From Today Tonight site
THE HIDDEN CHEMICALS IN FRUIT AND VEGETABLES
Reporter: Helen Wellings
Broadcast Date: February 19, 2007
Fruit and vegetables should be good for us, full of vitamins, minerals and fibre, but a Today Tonight investigation found they often contain a host of other nasty and dangerous additions.
Most vegetables and fruit are given fertilizers and chemical sprays, herbicides, fungicides and pesticides to protect them from pests, fungus and weeds.
And then they are handled, sometimes washed and packed, before we buy them.
Australian regulatory authorities set strict standards for maximum pesticide residue levels and for pathogens, like the potentially fatal E.coli, which comes from human and animal waste.
But a lot of produce from developing countries like China doesn't have any legal restrictions on levels of pesticides and bacteria.
Today Tonight tested a range of popular fruit and vegetables from major supermarkets, Coles and Woolworths/Safeway and suburban greengrocers in Australian cities.
And we found that many of the chemicals, poisons and dangerous bacteria are still present when we eat these foods.
Our tests revealed frighteningly high levels of E.coli in salads.
The acceptable level is zero coliforms per gram, and the maximum level allowed is less than 10, yet one loose self-serve salad from a greengrocer - with no country of origin label - had 190 coliforms per gram.
Another, from the Woolworths/Safeway Gourmet range, had 800 coliforms per gram - that is 80 times more than the legal limit.
The Australian-grown salad was tested well before its use-by date, and was labelled "washed and ready to eat".
"They should be zero tolerance - no E.coli - and yet the tests showed an enormous amount of bacteria, coming from human waste or animal waste or contaminated by workers," explained food scientist Dr Geoff Skurray.
"It just shouldn't be on. It's a real health risk."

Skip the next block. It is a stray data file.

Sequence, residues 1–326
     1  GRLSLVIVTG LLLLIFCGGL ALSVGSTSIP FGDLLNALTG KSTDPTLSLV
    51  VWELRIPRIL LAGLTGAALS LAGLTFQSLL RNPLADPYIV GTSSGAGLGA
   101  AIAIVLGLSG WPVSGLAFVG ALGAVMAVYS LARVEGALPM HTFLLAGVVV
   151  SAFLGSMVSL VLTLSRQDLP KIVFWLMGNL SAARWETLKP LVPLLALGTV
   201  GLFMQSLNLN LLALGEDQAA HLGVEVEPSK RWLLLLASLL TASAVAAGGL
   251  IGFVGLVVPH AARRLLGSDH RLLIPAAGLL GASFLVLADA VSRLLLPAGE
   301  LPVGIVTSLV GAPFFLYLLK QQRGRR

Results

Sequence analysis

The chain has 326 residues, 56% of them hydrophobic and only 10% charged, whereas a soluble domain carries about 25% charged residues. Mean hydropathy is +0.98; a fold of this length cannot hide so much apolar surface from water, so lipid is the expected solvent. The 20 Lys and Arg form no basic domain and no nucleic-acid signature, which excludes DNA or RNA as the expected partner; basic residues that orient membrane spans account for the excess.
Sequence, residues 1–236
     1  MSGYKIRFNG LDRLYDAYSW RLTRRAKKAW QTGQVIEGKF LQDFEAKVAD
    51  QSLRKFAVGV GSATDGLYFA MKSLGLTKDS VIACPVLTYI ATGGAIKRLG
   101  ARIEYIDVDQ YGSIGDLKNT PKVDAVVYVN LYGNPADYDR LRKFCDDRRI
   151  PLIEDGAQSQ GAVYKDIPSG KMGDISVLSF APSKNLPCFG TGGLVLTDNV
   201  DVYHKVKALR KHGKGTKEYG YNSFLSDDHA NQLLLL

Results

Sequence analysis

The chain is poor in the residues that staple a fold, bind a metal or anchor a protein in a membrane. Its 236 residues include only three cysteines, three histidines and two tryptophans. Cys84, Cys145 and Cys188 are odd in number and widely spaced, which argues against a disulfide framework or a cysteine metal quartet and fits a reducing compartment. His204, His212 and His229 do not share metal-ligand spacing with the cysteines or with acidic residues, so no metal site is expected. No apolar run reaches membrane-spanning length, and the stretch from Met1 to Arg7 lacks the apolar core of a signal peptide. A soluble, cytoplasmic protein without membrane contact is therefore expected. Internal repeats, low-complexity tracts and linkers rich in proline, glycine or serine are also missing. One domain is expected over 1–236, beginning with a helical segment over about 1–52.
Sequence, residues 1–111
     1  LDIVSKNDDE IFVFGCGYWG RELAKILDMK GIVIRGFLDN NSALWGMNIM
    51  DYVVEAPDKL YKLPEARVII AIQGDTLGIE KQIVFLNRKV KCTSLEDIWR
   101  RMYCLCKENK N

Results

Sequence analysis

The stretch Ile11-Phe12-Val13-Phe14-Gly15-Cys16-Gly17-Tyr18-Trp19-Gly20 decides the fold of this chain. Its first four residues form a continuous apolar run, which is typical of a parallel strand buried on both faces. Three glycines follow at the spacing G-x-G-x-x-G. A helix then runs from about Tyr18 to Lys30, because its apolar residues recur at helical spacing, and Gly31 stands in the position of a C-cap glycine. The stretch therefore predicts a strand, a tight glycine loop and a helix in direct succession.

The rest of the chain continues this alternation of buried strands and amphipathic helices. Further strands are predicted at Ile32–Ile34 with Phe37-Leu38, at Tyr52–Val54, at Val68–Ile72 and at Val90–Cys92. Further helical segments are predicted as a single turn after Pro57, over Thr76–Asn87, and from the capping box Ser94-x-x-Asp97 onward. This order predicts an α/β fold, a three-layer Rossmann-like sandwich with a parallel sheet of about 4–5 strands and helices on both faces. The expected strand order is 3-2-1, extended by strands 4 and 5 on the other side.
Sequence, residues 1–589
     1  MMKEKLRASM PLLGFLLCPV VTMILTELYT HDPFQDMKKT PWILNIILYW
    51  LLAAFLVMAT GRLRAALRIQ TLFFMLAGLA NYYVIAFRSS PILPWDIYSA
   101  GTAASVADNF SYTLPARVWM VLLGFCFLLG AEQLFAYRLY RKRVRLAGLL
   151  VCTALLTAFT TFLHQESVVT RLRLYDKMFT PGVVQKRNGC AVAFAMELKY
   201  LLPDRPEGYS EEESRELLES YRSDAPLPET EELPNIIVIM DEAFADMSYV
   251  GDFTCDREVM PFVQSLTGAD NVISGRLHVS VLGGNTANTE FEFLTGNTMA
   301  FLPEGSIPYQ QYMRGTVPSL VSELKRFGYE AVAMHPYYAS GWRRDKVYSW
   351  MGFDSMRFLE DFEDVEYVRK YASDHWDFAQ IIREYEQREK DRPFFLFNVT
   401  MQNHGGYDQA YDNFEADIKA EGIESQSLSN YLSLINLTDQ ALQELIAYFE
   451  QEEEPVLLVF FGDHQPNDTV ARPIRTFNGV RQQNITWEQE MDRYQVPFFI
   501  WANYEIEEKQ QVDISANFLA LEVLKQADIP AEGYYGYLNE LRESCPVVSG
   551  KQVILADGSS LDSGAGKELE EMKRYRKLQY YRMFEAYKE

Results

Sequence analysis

Several deaths and thousands of poisonings linked to pre-packed salads and baby spinach have sparked outrage in the United States.
In South Australia there have been 10 cases of severe E.coli believed to have been caused by imported fruit and vegetables.
Dr Skurray, from the University of Western Sydney, said: "Bacteria can easily get into the product because it has been handled by humans, and they may not have washed their hands.
"But it also can come from where they have grown because there could be sewerage or animal and human waste present as well."
Frances Warnock, from Fresh Produce Watch which helps monitor industry practices, said: "People need to be very careful about the way they handle loose leaf lettuce
"It is important they use good hygiene practices - I don't know anybody who washes their hands before buying those leaves, so they should use the tongs and they should keep their hands out of the product."
Woolworths told Today Tonight their food safety systems are rigorous, with limits of less than 10 coliforms per gram, and that packaged produce with levels of 800 coliforms had never been detected by the company or its suppliers.
While Australia has stringent standards when it comes to growing fruit and vegetables, in other countries, the industry is not so closely monitored.
"We've got health inspectors breathing down every shopkeeper's neck and yet we allow all these other contaminated vegetables into Australia,"
said Dr Skurray.
"We're stricter within Australia, but not strict on the imports."
The news on levels of pesticides, fungicides and herbicides was better - all the samples tested were below the legal maximum residue levels.
The tomatoes, baby corn, mushrooms and snow peas were found to contain no chemicals at all.
However, most of the peaches, mangoes, apples, herbs and some of the salads, we did detect small traces of chemical sprays, including organophosphates.
Eighty per cent of the mangoes we checked had between 10 and 50 per cent of the permitted maximum residue levels of pesticides.
All the peaches and apples tested had traces of chemicals - up to 50 per cent of allowable levels.
And Dr Skurray warns that even tiny traces have the potential to be harmful over time.
"It may be small levels of pesticide in the fruit but added up we will eat a whole lot day after day and accumulated, it could be a real health
"When they accumulate they not only can cause cancer but they can also cause reproductive problems and neurological problems."
Frances Warnock advises that to get rid of pesticides, all fruit and vegetables should be washed thoroughly in a colander under running water.